Tuesday, 25 January 2011

Opening Your Presents Before the Party and Keeping it Simple

Well what have I been up to, nothing much, then again a lot of reading which is far from nothing, in fact it is the creation of whole worlds. There are as many reasons why people read as there are books and we read different books for different reasons. However why I read fiction is mostly to experience a story, hopefully told in a way that makes me suspend my current reality and enter another one yet bring back from that something that makes my current reality just a little better. To be convinced to the point of letting go is something almost akin to a chemical high, in fact I wonder if we could look at the brain chemistry of the fiction reader there would be a correlation between what we are reading and the release of adrenalin, endorphins and the like. Is our visual cortex firing up as we read a description of a landscape or a character? I never think of the reader as a passive recipient of words but someone who actively engages with the words, who creates and paints images on an internal screen, hears whole dialogues, arguments, orchestras playing, tastes the food, feels the velvet dress a character smoothes down. A good book takes you to a place you and the writer have created together. When you look up from the page just for a second you forget where you are, that is the kind of feeling a good book gives me.

Not only are you there, you are desperate to want to know the future but not enough to spoil the delight of finding out page by page. As a child I never ‘cheated’ and read the end of a book, it felt a bit like opening your birthday presents that you find at the back of the wardrobe and then wrapping them up again to feign surprise on the day of the party just to please your parents. The present is not just about the having of it, it is about the ritual and delight of receiving it and so with a good book the reading is not all about having it ticked off on your ‘I have read this’ list it is about the whole experience of it coming into your inner world. I love books, so with World Book Night upon us in March, I and a friend are busy organizing an event to celebrate this, to celebrate books and libraries and the right every individual has to have access to books. Without books seems to underline the old biblical saying of 'Where there is no vision the people perish', Ezekial's vision of the valley of dry bones might as well be a vision of a world without books, without libraries.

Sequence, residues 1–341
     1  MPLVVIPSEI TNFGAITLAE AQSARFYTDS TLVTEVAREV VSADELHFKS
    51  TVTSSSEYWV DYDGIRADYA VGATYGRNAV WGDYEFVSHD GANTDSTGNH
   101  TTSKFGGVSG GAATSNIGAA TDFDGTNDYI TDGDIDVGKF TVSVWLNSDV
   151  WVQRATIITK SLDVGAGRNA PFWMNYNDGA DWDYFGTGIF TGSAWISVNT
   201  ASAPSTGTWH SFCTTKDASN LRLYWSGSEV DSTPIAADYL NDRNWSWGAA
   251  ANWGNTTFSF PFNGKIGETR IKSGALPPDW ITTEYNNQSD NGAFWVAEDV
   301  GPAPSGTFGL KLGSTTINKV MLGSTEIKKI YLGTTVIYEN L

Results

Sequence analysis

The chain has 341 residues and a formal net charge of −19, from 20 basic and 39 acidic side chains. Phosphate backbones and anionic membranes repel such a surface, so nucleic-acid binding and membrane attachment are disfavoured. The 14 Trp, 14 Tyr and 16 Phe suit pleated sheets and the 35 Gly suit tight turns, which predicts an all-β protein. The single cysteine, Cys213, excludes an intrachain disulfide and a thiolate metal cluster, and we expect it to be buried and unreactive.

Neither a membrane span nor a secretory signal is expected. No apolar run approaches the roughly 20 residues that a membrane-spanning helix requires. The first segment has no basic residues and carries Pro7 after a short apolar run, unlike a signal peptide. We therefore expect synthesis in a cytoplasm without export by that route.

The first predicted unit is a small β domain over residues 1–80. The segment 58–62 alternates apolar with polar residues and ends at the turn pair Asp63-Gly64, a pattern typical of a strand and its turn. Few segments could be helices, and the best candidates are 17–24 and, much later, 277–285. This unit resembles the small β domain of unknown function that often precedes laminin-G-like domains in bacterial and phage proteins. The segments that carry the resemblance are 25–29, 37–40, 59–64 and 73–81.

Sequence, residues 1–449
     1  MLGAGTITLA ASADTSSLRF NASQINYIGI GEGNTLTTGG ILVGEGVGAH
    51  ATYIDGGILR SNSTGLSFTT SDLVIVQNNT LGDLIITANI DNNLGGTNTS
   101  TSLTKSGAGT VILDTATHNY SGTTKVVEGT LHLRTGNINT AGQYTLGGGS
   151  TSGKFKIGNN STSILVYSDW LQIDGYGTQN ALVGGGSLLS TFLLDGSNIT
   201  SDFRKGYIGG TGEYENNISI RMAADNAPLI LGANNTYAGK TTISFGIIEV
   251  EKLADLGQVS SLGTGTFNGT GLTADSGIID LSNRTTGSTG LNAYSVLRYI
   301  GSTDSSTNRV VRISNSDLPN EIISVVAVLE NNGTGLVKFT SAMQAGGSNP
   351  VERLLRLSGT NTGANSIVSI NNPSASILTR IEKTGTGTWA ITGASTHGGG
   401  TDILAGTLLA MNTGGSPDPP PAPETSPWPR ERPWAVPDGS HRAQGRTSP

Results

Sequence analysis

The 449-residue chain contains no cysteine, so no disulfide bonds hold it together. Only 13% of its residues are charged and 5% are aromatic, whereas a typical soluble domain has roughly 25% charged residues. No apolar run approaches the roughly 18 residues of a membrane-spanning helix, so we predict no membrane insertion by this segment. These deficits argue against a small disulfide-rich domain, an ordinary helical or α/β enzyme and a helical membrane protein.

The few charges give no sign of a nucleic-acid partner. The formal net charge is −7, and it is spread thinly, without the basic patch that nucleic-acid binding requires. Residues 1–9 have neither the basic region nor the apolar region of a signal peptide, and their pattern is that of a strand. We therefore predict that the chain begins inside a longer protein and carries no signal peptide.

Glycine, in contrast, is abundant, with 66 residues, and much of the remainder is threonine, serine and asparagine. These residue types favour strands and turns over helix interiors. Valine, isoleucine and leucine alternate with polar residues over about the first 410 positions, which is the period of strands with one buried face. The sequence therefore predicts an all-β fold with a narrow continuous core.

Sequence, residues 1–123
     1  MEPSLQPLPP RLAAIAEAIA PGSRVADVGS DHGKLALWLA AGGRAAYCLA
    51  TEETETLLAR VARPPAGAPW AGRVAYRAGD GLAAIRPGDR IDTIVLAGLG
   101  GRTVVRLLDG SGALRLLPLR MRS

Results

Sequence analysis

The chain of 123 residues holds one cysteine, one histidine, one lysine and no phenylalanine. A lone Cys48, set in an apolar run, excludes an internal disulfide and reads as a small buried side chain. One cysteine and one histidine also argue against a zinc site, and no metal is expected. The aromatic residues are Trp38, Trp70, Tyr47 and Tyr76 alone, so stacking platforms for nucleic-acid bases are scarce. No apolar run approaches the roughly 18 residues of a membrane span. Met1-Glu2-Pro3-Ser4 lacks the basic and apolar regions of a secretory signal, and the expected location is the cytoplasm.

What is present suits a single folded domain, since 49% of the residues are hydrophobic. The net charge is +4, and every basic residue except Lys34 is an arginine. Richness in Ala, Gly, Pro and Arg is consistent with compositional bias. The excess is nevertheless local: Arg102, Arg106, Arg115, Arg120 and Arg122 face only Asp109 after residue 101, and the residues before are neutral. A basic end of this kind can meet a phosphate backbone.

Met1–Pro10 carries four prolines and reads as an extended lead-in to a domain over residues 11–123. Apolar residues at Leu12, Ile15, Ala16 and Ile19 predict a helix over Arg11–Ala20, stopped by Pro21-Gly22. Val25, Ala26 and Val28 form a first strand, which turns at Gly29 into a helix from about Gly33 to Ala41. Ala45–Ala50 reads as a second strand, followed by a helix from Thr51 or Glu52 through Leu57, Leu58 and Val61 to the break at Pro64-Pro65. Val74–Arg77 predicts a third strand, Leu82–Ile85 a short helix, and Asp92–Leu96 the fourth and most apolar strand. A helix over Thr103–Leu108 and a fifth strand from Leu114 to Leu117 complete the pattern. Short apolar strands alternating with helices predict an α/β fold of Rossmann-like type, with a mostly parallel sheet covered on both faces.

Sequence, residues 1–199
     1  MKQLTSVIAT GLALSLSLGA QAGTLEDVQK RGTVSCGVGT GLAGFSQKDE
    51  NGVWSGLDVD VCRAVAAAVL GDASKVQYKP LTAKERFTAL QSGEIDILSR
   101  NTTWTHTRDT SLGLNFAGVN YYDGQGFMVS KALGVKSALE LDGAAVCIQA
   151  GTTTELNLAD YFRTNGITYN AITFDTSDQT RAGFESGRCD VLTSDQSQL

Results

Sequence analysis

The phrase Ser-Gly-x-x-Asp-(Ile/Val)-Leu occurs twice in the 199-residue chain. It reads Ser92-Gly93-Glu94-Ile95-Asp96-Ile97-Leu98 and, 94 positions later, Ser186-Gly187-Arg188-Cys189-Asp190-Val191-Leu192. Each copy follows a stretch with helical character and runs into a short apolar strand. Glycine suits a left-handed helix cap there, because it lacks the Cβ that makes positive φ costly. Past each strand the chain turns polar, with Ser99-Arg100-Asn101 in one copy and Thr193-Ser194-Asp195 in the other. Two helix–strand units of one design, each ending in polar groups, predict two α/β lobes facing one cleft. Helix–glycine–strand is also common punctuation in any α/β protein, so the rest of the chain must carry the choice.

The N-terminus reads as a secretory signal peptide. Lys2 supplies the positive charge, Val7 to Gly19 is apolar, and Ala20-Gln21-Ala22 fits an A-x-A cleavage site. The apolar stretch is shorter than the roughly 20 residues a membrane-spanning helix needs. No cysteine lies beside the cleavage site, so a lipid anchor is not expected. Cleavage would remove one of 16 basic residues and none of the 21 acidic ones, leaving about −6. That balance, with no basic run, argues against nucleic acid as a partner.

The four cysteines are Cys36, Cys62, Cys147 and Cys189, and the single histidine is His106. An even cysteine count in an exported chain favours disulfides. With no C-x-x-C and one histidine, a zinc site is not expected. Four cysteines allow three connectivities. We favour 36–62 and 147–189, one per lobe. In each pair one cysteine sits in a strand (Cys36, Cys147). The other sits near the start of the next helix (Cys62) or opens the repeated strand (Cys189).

I sometimes wonder if we can get too analytical about poetry, too eager to show how cleverly we can dissect a poem to find what makes it tick .Isn’t it just enough and everything to say we simply loved reading the poems, that the experience of letting them into our inner world was something special? Perhaps not, perhaps we have to ensure every last drop of what the poem has to offer us is squeezed out of it until the pips squeak but sometimes I just want to let the poem tell me its own story in its own words and keep it simple.

Do readers ‘get’ you? was a question posted on Facebook by Roddy Lumsden which generated many comments. Here is mine

I think sometimes readers 'get' themselves in a poem or a poet ..they come up to you after a reading and say I loved that poem about x' and I ponder on that and think I didn't read a poem about x. Everyone brings something to a poem and takes something away,... a mish mash of themselves, their personal iconography of words, the poet, the poetic form, even the context in which it is read. They may not get me at all, they may get something not me, more them but I think the important thing is the process of 'getting' rather than being got, that dialogue between reader and poems where all the creative spark lies. If no one can even be bothered to try getting even one of my poems then I worry. I am on the whole seen as an accessible poet but actually I do strive for something underpinning that and that's the process I want to engage in with the reader, digging underneath. As I say there might not even be a 'me' to get but the fact that a reader or listener might be bothered to dig is heartening. I could get all mystical and propose that poems are more than the sum of their parts and thus the ghost in the machine is what the poet may hanker to be got ...well ghosts and poets can sometimes be quite difficult to get hold of, slippery little buggers.

1 comment:

Dolly Delightly said...

You make a good point, and I looove your closing line.